Do you think a little music would enhance your reading experience?
Musicologist, pianist and novelist Harrison Gradwell Slater thinks so. In fact, he's integrated music into the text of his new novel, "Nocturne." The romantic thriller comes with a CD of Chopin favorites performed by the author, to be played at specific points in the book.
Slater says playing Chopin is one of the greatest joys in his life. "Chopin's music touches me with its incredible nostalgia. It immediately brings us into a world of passion, and of great sensitivity."
"Nocturne" is Slater's second book and he wanted to experiment with giving his readers a chance to hear Chopin's music as part of the story, from beginning to end.
Slater's protagonist, Artemisia, is a photographer who travels from New York to Paris to photograph the places that were part of Chopin's life for a magazine story. The assignment comes just as she ends her relationship with her fiancé, Clifton, who has proven to be unstable and violent. While in Paris, she meets Matthew, a Chopin expert who will write the story that accompanies her photographs. As their relationship grows, Clifton appears in Paris and begins to stalk Artemisia.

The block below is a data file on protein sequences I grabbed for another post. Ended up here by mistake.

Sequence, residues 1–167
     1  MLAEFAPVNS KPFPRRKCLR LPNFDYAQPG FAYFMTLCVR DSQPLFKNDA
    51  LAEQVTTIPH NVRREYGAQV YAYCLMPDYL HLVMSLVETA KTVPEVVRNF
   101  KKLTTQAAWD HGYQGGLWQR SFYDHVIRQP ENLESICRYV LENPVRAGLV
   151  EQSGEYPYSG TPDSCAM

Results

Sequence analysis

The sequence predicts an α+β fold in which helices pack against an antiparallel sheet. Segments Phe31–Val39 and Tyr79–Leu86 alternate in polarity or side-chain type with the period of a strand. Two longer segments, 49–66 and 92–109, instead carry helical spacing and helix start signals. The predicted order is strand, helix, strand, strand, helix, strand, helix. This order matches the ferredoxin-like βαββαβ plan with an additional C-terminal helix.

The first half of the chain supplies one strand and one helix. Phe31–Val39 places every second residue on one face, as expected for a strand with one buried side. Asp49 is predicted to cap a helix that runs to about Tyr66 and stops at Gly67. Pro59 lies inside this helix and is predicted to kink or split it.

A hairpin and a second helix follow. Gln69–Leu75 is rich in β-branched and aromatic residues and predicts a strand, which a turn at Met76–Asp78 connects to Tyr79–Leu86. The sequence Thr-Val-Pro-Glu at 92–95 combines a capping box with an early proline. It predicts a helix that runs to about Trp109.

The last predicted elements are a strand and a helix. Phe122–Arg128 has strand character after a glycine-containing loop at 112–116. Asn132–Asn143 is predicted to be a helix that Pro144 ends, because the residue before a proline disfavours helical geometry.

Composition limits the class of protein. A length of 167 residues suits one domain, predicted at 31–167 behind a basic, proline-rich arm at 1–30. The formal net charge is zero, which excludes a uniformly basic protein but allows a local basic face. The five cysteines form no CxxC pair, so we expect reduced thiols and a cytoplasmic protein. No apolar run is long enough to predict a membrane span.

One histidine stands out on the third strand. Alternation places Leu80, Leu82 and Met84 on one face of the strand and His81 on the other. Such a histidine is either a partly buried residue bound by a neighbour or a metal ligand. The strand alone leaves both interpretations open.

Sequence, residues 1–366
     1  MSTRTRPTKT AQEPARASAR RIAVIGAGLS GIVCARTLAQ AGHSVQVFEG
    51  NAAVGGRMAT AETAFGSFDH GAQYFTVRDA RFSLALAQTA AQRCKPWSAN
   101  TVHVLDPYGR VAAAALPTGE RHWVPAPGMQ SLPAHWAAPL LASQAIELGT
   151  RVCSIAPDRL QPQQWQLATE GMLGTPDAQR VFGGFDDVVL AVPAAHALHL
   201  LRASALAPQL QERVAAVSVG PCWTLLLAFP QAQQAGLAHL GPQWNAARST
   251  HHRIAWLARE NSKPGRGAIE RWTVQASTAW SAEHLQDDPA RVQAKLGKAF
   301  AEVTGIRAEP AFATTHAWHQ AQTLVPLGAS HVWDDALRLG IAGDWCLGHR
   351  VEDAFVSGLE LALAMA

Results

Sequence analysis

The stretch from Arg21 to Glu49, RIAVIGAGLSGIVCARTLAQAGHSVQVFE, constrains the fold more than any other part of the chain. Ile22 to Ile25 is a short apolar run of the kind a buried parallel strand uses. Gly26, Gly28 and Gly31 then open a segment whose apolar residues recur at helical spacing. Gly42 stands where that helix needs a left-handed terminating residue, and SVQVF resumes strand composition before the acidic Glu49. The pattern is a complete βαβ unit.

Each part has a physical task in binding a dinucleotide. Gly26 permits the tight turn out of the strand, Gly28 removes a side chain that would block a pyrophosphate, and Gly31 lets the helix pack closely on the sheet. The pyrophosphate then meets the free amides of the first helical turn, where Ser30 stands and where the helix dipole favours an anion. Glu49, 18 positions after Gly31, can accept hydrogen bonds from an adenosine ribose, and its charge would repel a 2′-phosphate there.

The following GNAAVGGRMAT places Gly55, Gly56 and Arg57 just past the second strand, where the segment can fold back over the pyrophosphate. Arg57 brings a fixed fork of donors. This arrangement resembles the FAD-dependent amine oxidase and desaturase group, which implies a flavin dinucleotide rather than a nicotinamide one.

Slater uses Chopin's "Prelude in E Flat Minor," to convey Clifton's disturbed state of mind and provides a leitmotif for his character.
The author says Chopin's music enhances the text in other ways. When an old diary revealing much of Chopin's past is discovered, Matthew and Artemisia travel to Warsaw to determine the document's authenticity. That's when Slater inserts a sentence into the text, suggesting his readers play track 11 on the CD - Chopin's "Mazurka in C Sharp Minor" - in which the composer uses Polish folk rhythms and modes.
Slater says it wasn't just Chopin's music that inspired his novel, it was the composer's life as well.
"There are many parallels between what goes on with this young couple - Artemisia being followed by her obsessed boyfriend who has turned into a killer - and what happened in the life of Chopin and his mistress George Sand, who was the famous novelist of the 19th century," he says. "For example, George Sand had to break up with her boyfriend. He didn't take it very well. That was when she had met Chopin and decided to live with Chopin. So he showed up one night and, if she hadn't run, he might have taken her life."
"Nocturne" is only one part of Slater's celebration of Chopin in the bicentennial year of the composer's birth. He is also artistic director of an international Chopin piano competition coming to his city of Boston in May.
Slater hopes providing a CD along with the book will give Chopin's admirers a chance to enjoy his music in a different setting while also introducing the great composer to a new generation.